Pattern Recognition and Feedforward Networks

A feedforward network can be viewed as a graphical representation of a parametric function which takes a set of input values and maps them to a corresponding set of output values (Bishop 1995). Figure 1 shows an example of a feedforward network of a kind that is widely used in practical applications.

Figure 1

Figure 1 A feed-forward network having two layers of adaptive parameters.

Vertices in the graph represent either inputs, outputs, or "hidden" variables, while the edges of the graph correspond to the adaptive parameters. We can write down the analytic function corresponding to this network as follows. The output of the jth hidden node is obtained by first forming a weighted linear combination of the d input values xi to give

<var>a</var><sub><var>j</var></sub> =
<var>x</var><sub><var>i</var></sub> +

The value of hidden variable j is then obtained by transforming the linear sum in (1) using an activation function g(·) to give

zj = g(aj)

Finally, the outputs of the network are obtained by forming linear combinations of the hidden variables to give

    = ∑<sup><var>M</var></sup><sub><var>j</var>=1</sub>
       + <var>c</var><sub><var>k</var></sub>

The parameters {uji, vkj} are called weights while {bj, c k} are called biases, and together they constitute the adaptive parameters in the network. There is a one-to-one correspondence between the variables and parameters in the analytic function and the nodes and edges respectively in the graph.

Historically, feedforward networks were introduced as models of biological neural networks (McCulloch and Pitts 1943), in which nodes corresponded to neurons and edges corresponded to synapses, and with an activation function g(a) given by a simple threshold. The recent development of feedforward networks for pattern recognition applications has, however, proceeded largely independently of any biological modeling considerations.

The goal in pattern recognition is to use a set of example solutions to some problem to infer an underlying regularity which can subsequently be used to solve new instances of the problem. Examples include handwritten digit recognition, medical image screening, and fingerprint identification. In the case of feedforward networks, the set of example solutions (called a training set) comprises instances of input values together with corresponding desired output values. The training set is used to define an error function in terms of the discrepancy between the predictions of the network for given inputs and the desired values of the outputs given by the training set. A common example of an error function would be the squared difference between desired and actual output, summed over all outputs and summed over all patterns in the training set. The learning process then involves adjusting the values of the parameters to minimize the value of the error function. Once the network has been trained, that is, once suitable values for the parameters have been determined, new inputs can be applied and the corresponding predictions (i.e., network outputs) calculated.

The use of layered feedforward networks for pattern recognition was widely studied in the 1960s. However, effective learning algorithms were only known for the case of networks in which, at most, one of the layers comprised adaptive interconnections. Such networks were known variously as perceptrons (Rosenblatt 1962) and adalines (Widrow and Lehr 1990), and were seriously limited in their capabilities (Minsky and Papert 1969/1990). Research into artificial NEURAL NETWORKS was stimulated during the 1980s by the development of new algorithms capable of training networks with more than one layer of adaptive parameters (Rumelhart, Hinton, and Williams 1986). A key development involved the replacement of the nondifferentiable threshold activation function by a differentiable nonlinearity, which allows gradient-based optimization algorithms to be applied to the minimization of the error function. The second key step was to note that the derivatives could be calculated in a computationally efficient manner using a technique called backpropagation, so called because it has a graphical interpretation in terms of a propagation of error signals from the output nodes backward through the network. Originally these gradients were used in simple steepest-descent algorithms to minimize the error function. More recently, however, this has given way to the use of more sophisticated algorithms, such as conjugate gradients, borrowed from the field of nonlinear optimization (Gill, Murray, and Wright 1981).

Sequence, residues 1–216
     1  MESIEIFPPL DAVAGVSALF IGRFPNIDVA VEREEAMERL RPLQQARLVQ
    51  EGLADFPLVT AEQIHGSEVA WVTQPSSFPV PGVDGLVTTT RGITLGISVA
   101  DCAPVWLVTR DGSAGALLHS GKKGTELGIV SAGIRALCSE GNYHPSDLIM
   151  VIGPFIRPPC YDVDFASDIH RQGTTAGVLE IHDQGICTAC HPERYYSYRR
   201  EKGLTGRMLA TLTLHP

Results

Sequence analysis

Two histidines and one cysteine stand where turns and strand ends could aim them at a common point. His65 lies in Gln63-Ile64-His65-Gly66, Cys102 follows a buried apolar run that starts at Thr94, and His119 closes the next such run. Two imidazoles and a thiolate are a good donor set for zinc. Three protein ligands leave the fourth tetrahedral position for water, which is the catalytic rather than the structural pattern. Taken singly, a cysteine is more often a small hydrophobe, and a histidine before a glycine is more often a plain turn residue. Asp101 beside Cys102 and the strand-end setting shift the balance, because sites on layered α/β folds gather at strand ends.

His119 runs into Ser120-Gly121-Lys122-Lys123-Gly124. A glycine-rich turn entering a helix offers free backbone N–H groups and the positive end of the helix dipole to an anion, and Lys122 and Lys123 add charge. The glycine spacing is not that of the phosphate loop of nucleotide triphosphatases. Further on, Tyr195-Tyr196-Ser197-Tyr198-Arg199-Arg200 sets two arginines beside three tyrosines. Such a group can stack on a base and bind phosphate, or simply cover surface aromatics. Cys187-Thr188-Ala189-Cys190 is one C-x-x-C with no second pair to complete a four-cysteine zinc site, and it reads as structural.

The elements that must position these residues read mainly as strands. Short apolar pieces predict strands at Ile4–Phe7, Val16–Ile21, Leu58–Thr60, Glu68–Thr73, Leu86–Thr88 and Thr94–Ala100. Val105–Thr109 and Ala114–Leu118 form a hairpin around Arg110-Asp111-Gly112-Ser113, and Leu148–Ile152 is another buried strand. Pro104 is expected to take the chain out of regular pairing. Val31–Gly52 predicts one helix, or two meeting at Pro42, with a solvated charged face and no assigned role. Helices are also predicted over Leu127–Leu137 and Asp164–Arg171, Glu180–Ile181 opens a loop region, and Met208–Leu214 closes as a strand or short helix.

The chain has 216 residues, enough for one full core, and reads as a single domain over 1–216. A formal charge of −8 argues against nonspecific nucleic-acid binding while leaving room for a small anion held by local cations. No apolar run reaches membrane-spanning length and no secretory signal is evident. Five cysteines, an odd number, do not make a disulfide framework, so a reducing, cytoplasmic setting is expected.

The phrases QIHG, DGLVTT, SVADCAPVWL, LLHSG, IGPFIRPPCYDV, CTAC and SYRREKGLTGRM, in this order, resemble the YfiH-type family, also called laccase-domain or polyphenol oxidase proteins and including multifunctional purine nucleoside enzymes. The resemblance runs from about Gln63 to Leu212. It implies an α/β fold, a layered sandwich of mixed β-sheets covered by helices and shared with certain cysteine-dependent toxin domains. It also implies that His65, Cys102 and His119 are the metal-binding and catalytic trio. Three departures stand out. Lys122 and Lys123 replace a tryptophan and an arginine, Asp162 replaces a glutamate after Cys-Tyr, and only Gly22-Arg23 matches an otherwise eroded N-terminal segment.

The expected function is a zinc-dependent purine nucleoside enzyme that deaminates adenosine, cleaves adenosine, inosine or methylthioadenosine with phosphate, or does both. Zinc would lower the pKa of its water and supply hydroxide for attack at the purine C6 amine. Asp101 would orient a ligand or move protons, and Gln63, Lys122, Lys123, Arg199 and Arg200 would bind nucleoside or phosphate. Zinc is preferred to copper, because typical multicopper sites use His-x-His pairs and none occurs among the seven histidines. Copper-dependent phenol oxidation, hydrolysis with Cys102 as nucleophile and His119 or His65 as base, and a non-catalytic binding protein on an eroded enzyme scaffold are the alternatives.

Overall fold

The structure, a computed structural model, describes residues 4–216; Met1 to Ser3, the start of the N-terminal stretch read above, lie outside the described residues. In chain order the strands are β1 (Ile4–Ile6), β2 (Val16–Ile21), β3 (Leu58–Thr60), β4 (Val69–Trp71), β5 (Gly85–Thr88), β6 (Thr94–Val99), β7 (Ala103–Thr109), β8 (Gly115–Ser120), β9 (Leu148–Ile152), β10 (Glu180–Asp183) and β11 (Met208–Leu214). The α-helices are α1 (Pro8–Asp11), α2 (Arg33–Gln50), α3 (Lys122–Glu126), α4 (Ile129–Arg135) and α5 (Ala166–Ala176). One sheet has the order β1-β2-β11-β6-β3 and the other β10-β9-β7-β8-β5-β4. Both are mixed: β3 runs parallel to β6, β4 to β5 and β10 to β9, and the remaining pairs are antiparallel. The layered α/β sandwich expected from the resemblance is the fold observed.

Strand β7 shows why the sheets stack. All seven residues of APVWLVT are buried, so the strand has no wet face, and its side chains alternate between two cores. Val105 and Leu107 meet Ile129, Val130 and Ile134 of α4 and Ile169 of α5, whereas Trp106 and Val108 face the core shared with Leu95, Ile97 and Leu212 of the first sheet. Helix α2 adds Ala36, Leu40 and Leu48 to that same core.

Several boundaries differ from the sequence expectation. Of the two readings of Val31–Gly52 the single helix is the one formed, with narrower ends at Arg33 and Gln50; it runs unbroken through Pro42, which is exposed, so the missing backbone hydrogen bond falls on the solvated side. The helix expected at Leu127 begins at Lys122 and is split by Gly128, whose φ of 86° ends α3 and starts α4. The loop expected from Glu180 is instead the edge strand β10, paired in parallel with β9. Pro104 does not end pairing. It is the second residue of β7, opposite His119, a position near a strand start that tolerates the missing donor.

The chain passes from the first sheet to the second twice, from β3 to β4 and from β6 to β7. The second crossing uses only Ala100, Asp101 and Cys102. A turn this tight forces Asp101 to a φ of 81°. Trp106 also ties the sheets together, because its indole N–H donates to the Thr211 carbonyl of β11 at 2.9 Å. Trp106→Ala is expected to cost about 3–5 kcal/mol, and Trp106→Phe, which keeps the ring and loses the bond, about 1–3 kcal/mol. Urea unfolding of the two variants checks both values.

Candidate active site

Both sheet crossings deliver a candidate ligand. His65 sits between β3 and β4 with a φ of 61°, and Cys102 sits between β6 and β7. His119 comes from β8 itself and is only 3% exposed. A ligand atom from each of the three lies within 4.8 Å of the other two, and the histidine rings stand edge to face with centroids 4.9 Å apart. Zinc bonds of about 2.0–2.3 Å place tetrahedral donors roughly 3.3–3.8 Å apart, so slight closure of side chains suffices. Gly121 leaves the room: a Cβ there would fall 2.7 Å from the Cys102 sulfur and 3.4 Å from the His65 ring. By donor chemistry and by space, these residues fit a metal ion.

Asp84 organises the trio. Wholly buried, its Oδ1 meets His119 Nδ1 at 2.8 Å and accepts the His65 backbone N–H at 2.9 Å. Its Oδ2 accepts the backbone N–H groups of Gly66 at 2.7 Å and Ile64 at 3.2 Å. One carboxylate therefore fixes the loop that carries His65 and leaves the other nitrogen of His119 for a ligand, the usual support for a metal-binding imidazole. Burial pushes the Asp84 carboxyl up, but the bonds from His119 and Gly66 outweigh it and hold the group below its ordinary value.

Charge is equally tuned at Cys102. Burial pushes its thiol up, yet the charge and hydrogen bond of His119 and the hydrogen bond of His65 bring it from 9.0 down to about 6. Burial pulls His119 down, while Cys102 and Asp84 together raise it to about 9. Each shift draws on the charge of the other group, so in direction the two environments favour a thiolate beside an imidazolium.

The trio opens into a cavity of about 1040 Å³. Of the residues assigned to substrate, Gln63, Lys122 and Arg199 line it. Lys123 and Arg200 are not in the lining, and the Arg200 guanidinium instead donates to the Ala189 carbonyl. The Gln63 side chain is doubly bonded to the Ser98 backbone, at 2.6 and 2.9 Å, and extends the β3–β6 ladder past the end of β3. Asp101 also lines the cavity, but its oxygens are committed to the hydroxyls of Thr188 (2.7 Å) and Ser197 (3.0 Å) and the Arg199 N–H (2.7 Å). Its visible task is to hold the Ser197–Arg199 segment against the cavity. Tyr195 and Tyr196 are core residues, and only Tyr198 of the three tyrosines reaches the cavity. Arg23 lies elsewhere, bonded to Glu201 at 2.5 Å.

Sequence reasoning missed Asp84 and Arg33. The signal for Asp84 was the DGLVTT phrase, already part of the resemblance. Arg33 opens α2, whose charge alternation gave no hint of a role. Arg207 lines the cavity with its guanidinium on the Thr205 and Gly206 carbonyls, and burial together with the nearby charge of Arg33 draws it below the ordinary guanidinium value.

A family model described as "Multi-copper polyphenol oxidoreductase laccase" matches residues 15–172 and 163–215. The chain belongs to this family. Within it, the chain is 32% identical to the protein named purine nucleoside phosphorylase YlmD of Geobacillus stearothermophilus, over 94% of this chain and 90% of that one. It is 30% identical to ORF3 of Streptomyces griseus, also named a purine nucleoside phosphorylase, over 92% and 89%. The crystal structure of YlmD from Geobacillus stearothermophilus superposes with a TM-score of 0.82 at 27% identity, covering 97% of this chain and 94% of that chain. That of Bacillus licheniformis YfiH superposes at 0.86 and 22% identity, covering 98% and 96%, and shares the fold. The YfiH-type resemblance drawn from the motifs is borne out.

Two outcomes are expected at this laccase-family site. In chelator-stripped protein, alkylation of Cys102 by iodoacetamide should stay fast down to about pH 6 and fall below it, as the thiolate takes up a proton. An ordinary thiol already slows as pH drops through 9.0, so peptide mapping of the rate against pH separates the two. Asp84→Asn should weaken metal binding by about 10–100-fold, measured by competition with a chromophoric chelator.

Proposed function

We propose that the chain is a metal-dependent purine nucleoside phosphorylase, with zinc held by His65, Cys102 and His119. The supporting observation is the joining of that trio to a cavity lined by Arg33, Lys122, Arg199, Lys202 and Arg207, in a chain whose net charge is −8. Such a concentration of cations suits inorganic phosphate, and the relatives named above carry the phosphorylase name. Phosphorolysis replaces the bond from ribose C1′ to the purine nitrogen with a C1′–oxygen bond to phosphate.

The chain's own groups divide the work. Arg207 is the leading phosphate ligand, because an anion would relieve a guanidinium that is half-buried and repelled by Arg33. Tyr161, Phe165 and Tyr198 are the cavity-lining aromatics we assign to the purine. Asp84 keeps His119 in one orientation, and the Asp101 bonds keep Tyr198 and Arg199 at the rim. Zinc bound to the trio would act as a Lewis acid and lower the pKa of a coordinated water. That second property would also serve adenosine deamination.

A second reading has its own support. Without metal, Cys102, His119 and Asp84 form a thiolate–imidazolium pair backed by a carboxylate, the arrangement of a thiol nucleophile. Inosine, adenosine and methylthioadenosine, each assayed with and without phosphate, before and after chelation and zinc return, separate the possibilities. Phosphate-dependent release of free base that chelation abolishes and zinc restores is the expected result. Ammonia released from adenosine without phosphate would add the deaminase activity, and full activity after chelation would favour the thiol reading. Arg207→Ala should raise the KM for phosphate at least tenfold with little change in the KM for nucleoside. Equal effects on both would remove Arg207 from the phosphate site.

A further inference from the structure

During the late 1980s and early 1990s, research into feedforward networks emphasized their role as function approximators. For example, it was shown that a network consisting of two layers of adaptive parameters could approximate any continuous function from the inputs to the outputs with arbitrary accuracy provided the number of hidden units is sufficiently large and provided the network parameters are set appropriately (Hornik, Stinchcombe, and White 1989). More recently, however, feedforward networks have been studied from the much richer probabilistic perspective (see PROBABILITY, FOUNDATIONS OF), which sets neural networks firmly within the field of statistical pattern recognition (Fukunaga 1990). For instance, the outputs of the network can be given a probabilistic interpretation, and the role of network training is then to model the probability distribution of the target data, conditioned on the input variables. Similarly, the minimization of an error function can be motivated from the well-established principle of maximum likelihood that is widely used in statistics. An important advantage of this probabilistic viewpoint is that it provides a theoretical foundation for the study and application of feedforward networks (see STATISTICAL LEARNING THEORY), as well as motivating the development of new models and new learning algorithms.